Women's Movements, the State, and the Struggle for Abortion Rights: Comparing Spain and Portugal in Times of Democratic Expansion (1974--1988).

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ProQuest, 2007 - 329 pages
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The formal transition to democracy in Spain and Portugal was followed by a decade of democratic expansion in which various groups struggled to participate and find representation. In both countries, the women's movement actively engaged in this process. They made claims for several issues, one of which was abortion rights. Informed by comparative and narrative approaches, this project aims at explaining why the women's movements produced very distinct outcomes in abortion rights policies and services, despite the similar conditions found in the two countries. I argue that a longitudinal analysis of the interactions between social movements, the state, and political parties is more adequate to analyze the process of democratic expansion because such an approach is able to include and focus on the groups to whom democracy is being extended. Using historical research and interviews, this research seeks to explain the differences in outcomes regarding reproductive rights' service-provision, legislation, implementation and discourse. These interrelated arenas speak respectively to the participation, representation, and impact of women's movements in public life. Namely in the way they impact the community (through service-provision), in policy (through gaining access and reaching favorable outcomes), and in the media (through placing their preferred frames in the public debate). I conclude that through the work of Spanish women's organizations at the community level, these organizations had a significant impact in terms of gaining organizational strength, visibility, and political legitimacy for the women's movement. But movements from below also need allies in legislative decision-making and implementation processes, or otherwise policy achievements may remain symbolic and fail to produce effective social change (as in Portugal). Furthermore, the analysis of these two cases highlights the need for a re-conceptualization of a 'woman's right to choose' to expand beyond abortion laws and abortion talk, and to include policy outcomes in practice. Finally, I also outline some new avenues for policy, social movement organizing, and research.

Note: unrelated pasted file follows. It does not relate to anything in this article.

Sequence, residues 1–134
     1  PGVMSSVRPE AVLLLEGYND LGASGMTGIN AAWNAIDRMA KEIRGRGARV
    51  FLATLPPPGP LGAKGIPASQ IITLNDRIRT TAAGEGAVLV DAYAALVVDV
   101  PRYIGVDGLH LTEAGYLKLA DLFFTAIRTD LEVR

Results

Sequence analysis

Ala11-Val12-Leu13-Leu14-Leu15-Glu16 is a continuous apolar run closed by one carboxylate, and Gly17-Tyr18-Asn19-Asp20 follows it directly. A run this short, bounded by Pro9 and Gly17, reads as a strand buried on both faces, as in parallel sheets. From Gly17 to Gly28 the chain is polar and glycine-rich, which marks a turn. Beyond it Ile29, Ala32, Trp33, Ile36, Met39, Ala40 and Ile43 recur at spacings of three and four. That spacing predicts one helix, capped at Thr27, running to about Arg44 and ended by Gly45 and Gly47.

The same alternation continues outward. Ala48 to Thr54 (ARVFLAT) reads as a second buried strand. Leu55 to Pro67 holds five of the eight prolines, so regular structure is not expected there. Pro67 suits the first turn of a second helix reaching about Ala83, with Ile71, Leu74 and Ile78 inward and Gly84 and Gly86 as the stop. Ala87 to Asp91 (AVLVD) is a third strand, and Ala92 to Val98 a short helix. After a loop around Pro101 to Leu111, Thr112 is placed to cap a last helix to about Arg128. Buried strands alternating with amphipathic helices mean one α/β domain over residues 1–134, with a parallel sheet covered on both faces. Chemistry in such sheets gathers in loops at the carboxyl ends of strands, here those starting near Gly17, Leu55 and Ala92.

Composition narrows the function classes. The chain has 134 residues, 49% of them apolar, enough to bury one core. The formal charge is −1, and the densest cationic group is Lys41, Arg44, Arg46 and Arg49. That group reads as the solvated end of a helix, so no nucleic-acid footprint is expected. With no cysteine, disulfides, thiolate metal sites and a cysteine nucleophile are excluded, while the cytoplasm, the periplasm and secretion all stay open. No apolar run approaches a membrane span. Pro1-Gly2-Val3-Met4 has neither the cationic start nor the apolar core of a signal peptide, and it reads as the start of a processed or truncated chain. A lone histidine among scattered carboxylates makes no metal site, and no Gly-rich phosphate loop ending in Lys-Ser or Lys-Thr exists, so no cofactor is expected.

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Contents

Introduction and theoretical framework
1
Methodological details
39
Iberian democratization and womens organizations
54
The construction of abortion claimmaking during the Spanish and Portuguese
75
The struggle for abortion policyformation and implementation in Spain
136
The struggle for abortion policyformation and implementation in Portugal
202
Concluding comments
239
Notes
249
High incidence speeches on the floor Spain 1985
284
References to specific types of rights Spain 1985
285
General election results June 22 1986 Spain
286
Instances of specific words Spain 1987
287
References to specific types of rights Spain 1987
288
B Detailed tables Portugal
289
Totals for low incidence years Portugal
291
Instances of specific words Portugal 1982
292

A Detailed tables Spain
274
High incidence speeches on the floor Spain 1983
280
Abortion in Parliament and in the media Spain
281
Instances of specific words Spain 1983
282
References to specific types of rights Spain 1983
283
References to specific types of rights Portugal 1982
293
High incidence speeches on the floor Portugal 1984
294
References to specific types of rights Portugal 1984
295
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